It should be noted that not all government documents are completely in line with this approach.  For example, documents produced by the Ministry of Defence contrast maritime security as something different from military operations such as maritime combat. While some naval operations such as freedom of navigation are closely linked to maritime security by the United Kingdom, deterrence is more ambiguous. The NSMS does discuss deterrence in the context of lowering risk at global maritime chokepoints, as well as deterrence of unlawful activity. The Ministry of Defence, however, separates deterrence from maritime security, with their documents primarily discussing deterrence in reference to their war-fighting role.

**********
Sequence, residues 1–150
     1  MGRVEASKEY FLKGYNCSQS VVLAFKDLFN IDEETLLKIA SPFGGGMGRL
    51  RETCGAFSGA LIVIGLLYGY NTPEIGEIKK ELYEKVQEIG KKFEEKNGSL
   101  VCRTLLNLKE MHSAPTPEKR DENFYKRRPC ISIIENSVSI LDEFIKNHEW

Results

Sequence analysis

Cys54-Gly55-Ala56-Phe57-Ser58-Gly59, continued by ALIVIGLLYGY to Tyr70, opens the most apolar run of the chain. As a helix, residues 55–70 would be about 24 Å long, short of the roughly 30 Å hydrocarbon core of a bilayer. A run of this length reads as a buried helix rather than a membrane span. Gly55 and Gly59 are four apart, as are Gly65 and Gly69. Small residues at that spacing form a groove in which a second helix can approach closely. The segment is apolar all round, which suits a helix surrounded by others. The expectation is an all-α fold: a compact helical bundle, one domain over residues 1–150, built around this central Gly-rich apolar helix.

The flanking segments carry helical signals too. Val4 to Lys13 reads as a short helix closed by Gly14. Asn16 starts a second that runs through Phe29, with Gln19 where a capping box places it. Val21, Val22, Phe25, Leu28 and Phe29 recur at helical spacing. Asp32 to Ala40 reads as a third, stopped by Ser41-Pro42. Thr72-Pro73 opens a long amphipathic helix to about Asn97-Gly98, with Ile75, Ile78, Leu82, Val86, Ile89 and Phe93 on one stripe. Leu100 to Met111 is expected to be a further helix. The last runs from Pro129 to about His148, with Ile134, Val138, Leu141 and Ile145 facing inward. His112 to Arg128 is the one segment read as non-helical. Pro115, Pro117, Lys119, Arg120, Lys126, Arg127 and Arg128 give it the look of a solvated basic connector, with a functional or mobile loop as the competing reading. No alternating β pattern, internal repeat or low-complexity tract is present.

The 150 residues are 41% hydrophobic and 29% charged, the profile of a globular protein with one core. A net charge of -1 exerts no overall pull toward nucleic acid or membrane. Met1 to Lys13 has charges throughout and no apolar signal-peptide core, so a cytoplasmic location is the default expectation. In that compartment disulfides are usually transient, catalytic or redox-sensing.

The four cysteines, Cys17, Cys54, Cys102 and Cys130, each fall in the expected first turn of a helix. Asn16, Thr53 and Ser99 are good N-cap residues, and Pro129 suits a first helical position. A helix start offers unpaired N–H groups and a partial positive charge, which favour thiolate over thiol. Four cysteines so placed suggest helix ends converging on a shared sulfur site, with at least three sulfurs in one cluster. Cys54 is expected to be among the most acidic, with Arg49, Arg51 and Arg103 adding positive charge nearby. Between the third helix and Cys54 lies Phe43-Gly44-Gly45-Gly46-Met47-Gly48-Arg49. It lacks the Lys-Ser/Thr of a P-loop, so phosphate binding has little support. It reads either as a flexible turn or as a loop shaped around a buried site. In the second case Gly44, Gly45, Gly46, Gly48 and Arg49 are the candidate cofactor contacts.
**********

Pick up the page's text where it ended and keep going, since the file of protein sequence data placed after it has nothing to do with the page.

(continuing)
The Fishery Protection Squadron is the Royal Navy’s oldest squadron, highlighting how fisheries management has long featured as a British maritime security issue. The United Kingdom’s withdrawal from the EU and the renewed requirement to manage national fisheries further elevated the issue in UK maritime security discourse. The IR, Maritime 2050, and the Government’s “A Green Future: Our 25 Year Plan to Improve the Environment” all refer to increasing linkages between fisheries management, environmental protection, and maritime security.[11] Overfishing is an economic threat that exacerbates other forms of maritime criminality and threatens ocean resilience. Climate change is also recognized as part of maritime security, particularly more frequent severe weather events and its potential to create conditions conducive to criminal activity.[12]